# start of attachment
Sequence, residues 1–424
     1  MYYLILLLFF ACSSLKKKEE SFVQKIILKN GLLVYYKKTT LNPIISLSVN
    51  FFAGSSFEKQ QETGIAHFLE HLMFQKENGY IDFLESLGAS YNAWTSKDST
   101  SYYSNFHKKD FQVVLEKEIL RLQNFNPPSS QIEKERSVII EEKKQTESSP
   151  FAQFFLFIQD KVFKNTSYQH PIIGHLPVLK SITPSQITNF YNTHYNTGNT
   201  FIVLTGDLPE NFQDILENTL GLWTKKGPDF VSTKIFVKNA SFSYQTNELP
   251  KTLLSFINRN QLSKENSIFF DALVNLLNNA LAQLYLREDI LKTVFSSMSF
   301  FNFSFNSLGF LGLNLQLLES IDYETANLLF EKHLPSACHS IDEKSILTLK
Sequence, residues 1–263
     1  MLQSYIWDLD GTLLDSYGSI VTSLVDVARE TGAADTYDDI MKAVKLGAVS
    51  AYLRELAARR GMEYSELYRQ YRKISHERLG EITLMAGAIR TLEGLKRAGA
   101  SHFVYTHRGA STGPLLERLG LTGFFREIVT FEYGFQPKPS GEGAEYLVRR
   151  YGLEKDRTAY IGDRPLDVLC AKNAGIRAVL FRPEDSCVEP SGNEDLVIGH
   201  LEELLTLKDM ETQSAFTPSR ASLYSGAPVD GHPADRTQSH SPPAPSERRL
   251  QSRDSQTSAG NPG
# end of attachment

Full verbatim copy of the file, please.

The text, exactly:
Sequence, residues 1–424
     1  MYYLILLLFF ACSSLKKKEE SFVQKIILKN GLLVYYKKTT LNPIISLSVN
    51  FFAGSSFEKQ QETGIAHFLE HLMFQKENGY IDFLESLGAS YNAWTSKDST
   101  SYYSNFHKKD FQVVLEKEIL RLQNFNPPSS QIEKERSVII EEKKQTESSP
   151  FAQFFLFIQD KVFKNTSYQH PIIGHLPVLK SITPSQITNF YNTHYNTGNT
   201  FIVLTGDLPE NFQDILENTL GLWTKKGPDF VSTKIFVKNA SFSYQTNELP
   251  KTLLSFINRN QLSKENSIFF DALVNLLNNA LAQLYLREDI LKTVFSSMSF
   301  FNFSFNSLGF LGLNLQLLES IDYETANLLF EKHLPSACHS IDEKSILTLK
Sequence, residues 1–263
     1  MLQSYIWDLD GTLLDSYGSI VTSLVDVARE TGAADTYDDI MKAVKLGAVS
    51  AYLRELAARR GMEYSELYRQ YRKISHERLG EITLMAGAIR TLEGLKRAGA
   101  SHFVYTHRGA STGPLLERLG LTGFFREIVT FEYGFQPKPS GEGAEYLVRR
   151  YGLEKDRTAY IGDRPLDVLC AKNAGIRAVL FRPEDSCVEP SGNEDLVIGH
   201  LEELLTLKDM ETQSAFTPSR ASLYSGAPVD GHPADRTQSH SPPAPSERRL
   251  QSRDSQTSAG NPG